HP Exec Describes Oracle Handshake Deal Over Itanium


HP and Oracle’s Itanium relationship was sealed with a handshake, according to HP’s Ann Livermore

The second day of the Hewlett-Packard v. Oracle lawsuit in California state Superior Court in San Jose, California revealed more testimony, this time from HP’s then-head of enterprise business, board of director member Ann Livermore.

The issue at hand is this: Did Oracle violate contract agreements when it decided to stop making new versions of database software for Intel’s Itanium processors that HP uses in its servers?

HP thinks so and is asking for damages totalling about $4 billion (£2.6bn).

Viable Contract

Santa Clara Superior Court Judge James Kleinberg will decide the first phase of the trial on his own. Phase 1 will focus specifically on whether there is a viable contract between HP and Oracle. If Judge Kleinberg decides the original contract stands, a jury then will decide whether Oracle violated the contract, and figure out what damages are due.

On 5 June, Livermore described in detail the negotiations that took place between Oracle Co-President Safra Catz and her regarding a settlement agreement involving the 2010 move of former HP CEO Mark Hurd to Oracle to be co-president with Catz. In particular, Livermore explained that the language grew out of both companies’ desire to preserve their relationship and to continue to work together as they had before.

After Hurd joined Oracle in late 2010, HP became concerned, Livermore said in Day 1 testimony. “I was concerned that Mark was leaving HP with ill will toward HP. My concern was that he knew our financials. He also knew our dependence on Itanium; he knew lots and lots of things,” Livermore said.

It was made clear that the HP-Oracle relationship was founded on Oracle porting its software to HP servers – essentially without any written agreements and without any payments between the parties. Oracle continues to rely on the four contracts that existed over the course of the parties’ 25-year relationship, Livermore said.

HP contends that this is a miniscule number when compared with the hundreds of instances in which Oracle ported its software to HP servers without a contract and without charge.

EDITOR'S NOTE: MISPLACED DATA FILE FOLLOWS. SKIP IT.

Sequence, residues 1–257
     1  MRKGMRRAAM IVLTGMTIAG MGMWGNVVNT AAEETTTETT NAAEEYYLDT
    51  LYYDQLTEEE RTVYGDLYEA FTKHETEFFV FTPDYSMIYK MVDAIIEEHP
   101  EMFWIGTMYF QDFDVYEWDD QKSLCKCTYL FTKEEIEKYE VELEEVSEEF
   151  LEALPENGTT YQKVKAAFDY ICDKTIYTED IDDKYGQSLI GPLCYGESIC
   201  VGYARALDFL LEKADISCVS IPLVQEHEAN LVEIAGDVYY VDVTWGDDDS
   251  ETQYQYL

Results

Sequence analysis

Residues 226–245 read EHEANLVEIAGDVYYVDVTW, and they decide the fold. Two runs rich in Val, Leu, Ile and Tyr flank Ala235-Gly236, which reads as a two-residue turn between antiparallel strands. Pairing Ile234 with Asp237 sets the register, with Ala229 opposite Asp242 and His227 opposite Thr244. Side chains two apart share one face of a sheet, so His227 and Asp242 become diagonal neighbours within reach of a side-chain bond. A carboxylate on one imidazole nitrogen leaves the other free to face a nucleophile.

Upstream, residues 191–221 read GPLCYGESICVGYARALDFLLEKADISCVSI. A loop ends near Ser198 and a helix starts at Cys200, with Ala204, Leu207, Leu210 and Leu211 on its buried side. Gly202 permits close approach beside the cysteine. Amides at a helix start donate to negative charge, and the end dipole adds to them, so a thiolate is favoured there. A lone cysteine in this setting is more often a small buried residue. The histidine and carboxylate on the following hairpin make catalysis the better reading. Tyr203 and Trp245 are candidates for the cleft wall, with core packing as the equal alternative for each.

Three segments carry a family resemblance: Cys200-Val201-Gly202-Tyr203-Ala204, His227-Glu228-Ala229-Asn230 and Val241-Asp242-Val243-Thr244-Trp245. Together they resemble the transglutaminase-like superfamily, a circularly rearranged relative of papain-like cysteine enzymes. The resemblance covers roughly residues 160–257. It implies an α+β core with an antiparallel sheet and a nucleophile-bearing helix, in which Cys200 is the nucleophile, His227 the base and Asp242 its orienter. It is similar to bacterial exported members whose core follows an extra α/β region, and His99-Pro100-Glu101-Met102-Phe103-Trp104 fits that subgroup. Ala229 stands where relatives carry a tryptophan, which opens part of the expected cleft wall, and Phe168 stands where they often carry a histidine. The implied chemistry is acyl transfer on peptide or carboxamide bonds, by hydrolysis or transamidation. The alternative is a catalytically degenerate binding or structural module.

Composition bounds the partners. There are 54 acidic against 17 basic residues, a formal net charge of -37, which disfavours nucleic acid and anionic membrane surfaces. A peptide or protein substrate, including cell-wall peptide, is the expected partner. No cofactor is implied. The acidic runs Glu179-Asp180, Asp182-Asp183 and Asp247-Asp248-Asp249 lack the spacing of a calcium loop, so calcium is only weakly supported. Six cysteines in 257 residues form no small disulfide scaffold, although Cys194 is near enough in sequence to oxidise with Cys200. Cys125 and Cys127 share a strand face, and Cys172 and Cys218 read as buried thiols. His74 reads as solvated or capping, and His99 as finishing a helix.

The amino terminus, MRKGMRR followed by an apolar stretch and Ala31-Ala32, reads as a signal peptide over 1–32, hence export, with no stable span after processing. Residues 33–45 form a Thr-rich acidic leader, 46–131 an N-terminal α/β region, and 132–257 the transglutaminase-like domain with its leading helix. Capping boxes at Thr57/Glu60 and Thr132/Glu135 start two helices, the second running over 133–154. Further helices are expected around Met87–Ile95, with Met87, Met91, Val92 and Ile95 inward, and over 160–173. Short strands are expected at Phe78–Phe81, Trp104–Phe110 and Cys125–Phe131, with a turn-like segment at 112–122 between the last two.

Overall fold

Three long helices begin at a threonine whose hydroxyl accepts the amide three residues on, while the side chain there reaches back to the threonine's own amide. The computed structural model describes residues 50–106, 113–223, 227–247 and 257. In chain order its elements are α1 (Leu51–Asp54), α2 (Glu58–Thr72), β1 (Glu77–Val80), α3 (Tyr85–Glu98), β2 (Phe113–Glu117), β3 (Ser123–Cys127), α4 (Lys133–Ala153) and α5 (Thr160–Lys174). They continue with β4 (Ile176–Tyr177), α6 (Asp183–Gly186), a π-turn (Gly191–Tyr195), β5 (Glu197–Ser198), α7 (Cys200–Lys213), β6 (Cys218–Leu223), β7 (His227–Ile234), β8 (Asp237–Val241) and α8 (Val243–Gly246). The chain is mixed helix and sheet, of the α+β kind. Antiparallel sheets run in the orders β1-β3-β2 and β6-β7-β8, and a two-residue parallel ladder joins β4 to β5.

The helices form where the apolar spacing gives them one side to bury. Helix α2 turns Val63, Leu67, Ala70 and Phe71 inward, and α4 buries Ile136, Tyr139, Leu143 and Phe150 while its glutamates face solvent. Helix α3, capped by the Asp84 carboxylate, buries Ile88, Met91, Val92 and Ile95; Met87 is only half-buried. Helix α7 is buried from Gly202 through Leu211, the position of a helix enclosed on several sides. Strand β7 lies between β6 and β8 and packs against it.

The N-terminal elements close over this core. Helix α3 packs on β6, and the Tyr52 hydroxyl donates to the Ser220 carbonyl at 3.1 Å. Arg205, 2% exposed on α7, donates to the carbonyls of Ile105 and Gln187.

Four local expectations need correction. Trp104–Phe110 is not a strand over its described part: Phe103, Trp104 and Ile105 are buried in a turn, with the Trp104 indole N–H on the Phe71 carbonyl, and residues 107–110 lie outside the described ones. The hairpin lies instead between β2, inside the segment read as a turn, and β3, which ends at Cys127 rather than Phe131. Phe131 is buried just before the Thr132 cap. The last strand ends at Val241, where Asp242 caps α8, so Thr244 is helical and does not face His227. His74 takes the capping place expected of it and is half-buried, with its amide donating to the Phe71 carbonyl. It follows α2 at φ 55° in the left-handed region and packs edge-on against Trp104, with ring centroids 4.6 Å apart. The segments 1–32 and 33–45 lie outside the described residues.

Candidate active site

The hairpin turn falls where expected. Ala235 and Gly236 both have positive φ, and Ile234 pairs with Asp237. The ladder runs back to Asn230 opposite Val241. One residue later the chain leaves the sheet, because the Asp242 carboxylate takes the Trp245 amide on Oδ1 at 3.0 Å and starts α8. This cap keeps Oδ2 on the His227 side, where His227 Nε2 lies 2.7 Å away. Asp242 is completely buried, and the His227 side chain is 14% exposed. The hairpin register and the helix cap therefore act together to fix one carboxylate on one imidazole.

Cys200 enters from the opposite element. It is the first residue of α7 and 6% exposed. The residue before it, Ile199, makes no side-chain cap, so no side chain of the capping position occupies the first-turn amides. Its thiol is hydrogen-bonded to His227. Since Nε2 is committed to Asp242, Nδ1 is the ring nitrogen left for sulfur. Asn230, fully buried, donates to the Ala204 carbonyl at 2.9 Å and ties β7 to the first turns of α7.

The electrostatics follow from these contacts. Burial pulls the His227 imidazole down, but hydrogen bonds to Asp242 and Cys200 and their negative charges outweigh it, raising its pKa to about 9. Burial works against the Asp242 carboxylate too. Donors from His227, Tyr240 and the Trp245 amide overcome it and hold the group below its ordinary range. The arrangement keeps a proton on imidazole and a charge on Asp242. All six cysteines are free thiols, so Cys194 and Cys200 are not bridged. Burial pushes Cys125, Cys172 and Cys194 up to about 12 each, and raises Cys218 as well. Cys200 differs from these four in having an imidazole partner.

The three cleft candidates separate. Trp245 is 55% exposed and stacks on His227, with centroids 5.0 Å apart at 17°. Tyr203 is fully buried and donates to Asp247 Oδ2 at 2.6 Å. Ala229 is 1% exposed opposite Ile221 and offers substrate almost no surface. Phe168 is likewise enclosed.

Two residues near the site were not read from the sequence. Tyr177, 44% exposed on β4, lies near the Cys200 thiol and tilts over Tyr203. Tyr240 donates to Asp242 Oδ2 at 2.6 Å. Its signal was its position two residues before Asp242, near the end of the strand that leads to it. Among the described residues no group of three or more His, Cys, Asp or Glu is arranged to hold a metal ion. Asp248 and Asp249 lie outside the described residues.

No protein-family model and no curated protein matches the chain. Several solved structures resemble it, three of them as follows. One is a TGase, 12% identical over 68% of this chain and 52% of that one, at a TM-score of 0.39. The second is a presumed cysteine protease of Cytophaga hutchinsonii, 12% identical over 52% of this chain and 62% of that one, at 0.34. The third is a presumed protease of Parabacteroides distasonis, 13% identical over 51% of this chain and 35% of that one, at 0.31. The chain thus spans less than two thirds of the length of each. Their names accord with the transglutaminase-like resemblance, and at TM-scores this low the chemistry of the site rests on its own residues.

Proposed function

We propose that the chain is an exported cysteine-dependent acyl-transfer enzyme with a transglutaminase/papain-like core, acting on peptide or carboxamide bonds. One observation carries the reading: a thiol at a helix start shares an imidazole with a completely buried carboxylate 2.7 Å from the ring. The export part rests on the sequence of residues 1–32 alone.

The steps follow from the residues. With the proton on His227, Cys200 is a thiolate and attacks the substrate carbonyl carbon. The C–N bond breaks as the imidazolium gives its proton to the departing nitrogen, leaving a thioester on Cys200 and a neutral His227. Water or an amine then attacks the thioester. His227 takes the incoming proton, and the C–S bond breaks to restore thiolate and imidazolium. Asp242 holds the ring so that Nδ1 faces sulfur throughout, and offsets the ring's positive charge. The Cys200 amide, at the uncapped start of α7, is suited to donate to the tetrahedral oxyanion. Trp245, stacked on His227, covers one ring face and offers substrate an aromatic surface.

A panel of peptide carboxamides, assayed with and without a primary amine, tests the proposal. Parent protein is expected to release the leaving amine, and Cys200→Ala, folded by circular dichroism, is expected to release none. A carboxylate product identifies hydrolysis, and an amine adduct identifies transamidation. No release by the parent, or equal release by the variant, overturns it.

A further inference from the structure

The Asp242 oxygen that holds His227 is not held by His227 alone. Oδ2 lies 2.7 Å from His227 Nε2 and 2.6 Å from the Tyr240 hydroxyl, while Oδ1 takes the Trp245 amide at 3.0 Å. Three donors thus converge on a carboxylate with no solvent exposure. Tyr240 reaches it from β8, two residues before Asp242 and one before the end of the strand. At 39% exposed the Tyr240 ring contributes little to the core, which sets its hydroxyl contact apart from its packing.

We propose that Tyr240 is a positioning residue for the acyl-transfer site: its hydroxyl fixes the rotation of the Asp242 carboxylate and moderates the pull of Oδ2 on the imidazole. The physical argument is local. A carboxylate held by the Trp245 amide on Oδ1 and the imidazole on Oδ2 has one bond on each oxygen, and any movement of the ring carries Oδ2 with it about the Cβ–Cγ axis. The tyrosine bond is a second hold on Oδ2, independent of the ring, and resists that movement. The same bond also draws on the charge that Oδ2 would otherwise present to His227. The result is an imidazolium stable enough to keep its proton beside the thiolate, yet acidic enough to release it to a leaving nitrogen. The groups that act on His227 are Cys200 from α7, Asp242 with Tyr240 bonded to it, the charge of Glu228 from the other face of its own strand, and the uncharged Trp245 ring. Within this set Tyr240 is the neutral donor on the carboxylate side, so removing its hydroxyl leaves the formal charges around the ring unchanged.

Fictional Reasons?

Livermore also said that it was fiction that Oracle decided to stop developing software for the Itanium microprocessor because it allegedly was nearing the end of its life. Livermore explained that Oracle’s position was baseless because the HP-UX/Itanium platform comprised about one-third of the high-end Unix market, was extremely profitable for HP, and that HP’s roadmap and its agreements with Intel extended the life of the Itanium roadmap toward the end of this decade.

Oracle, in its opening statement on 4 June, argued that HP’s actions immediately following the announcement proved that HP did not believe that Oracle had agreed to port its software to HP’s Itanium-based servers.

Livermore testified, however, that immediately after she learned about Oracle’s announcement that said it would no longer develop its software for Itanium servers, she called Catz to express her outrage over the announcement and that she informed Catz that Oracle had breached the Settlement Agreement signed by the parties just six months earlier.

Oracle has posted documents relating to the case here. They are regularly updated.

Expected schedule for next two days (this is subject to change):

  • Wednesday, 6 June:  Mike Holston, HP’s former General Counsel, testifies: David Tucker, an HP software engineer, testifies (if time permits); Holston will testify on topics relating to the Mark Hurd lawsuit, the negotiation of the contract at issue, and related matters. Tucker will testify about the parties’ course of dealing regarding the porting of Oracle software to HP’s Itanium-based servers.
  • Thursday, 7 June: Conclude Tucker (if necessary), conclude Ann Livermore, call Tim Aylott (if time permits).

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